I largely agree with Mike's broad point - too often people overvalue the notion that housing is an investment. My particular bete noir is the idea that "rent is throwing money away" while mortgage payments are building up equity. I think it's pretty intuitive that the decision to rent versus buy any asset hinges upon the relative cost of doing each. Historically, it's been a very good idea to buy in most markets, especially considering that labor mobility wasn't as important as it is today and people were able to stay in one place for longer periods of time, avoiding the significant transaction costs associated with moving.
In any event, I fall in Mike's and Felix Salmon's camp of thinking that housing as an investment is generally a bad idea. But I actually disagree (I think) with one of Mike's comments:
Felix notes: “DanHess and Matt Turner make the point that buying a house is a great way of forcing people to save over the long term.” There are no free lunches of course, and the reason it is a great way of forcing people to save over the long term is that it is incredibly expensive and difficult to get any money out of it.
I think the more straightforward reason is behavioral. You've gotten people to commit to saving in a way that isn't transparent, so they're not actually aware they're doing it. It's just that, 30 years later, they get to put a mortgage document on their grill and have a party when they realize how much equity they've built up.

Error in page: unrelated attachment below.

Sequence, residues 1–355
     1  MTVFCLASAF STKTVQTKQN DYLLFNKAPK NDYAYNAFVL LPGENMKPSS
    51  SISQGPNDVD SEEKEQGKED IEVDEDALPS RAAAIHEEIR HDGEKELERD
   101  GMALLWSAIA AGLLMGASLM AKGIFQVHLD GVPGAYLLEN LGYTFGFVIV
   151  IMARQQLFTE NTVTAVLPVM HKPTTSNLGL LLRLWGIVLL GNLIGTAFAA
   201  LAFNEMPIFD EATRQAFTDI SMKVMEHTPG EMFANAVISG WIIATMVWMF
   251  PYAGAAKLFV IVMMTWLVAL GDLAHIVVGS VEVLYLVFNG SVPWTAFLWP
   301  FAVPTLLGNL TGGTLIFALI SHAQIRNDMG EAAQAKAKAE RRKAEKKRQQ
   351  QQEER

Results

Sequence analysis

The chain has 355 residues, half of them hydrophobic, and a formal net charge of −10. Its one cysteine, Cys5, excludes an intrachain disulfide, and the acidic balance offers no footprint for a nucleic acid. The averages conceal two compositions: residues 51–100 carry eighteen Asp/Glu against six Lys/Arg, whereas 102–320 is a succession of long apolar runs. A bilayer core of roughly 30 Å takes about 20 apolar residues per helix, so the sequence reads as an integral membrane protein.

It doesn't seem terribly different (to me, of course) from:
- withholding social security payments involuntarily
- automatic 401(k) enrollment
- the new programs where employees can commit that future raises will go toward retirement contributions (are these just hypothetical? I feel like I've read about the idea many times, but haven't seen any actual examples)
In all of these cases, it strikes me that saving is made easier because there was something automated about the process, where the individual doesn't feel the "pain" of foregone consumption.
(You could also point out that the mechanism of withholding income taxes accomplishes the same thing - reducing the public's understanding of how much in tax they actually pay.)
So overall, I actually do think it's a free lunch, in much the same way that a lot of valuable internet content is a free lunch. Of course there's a cost - individuals truly are foregoing consumption, and internet contributors truly are laboring to create content without compensation. It's just that in those cases, the people bearing the cost don't seem to mind as much as they probably should.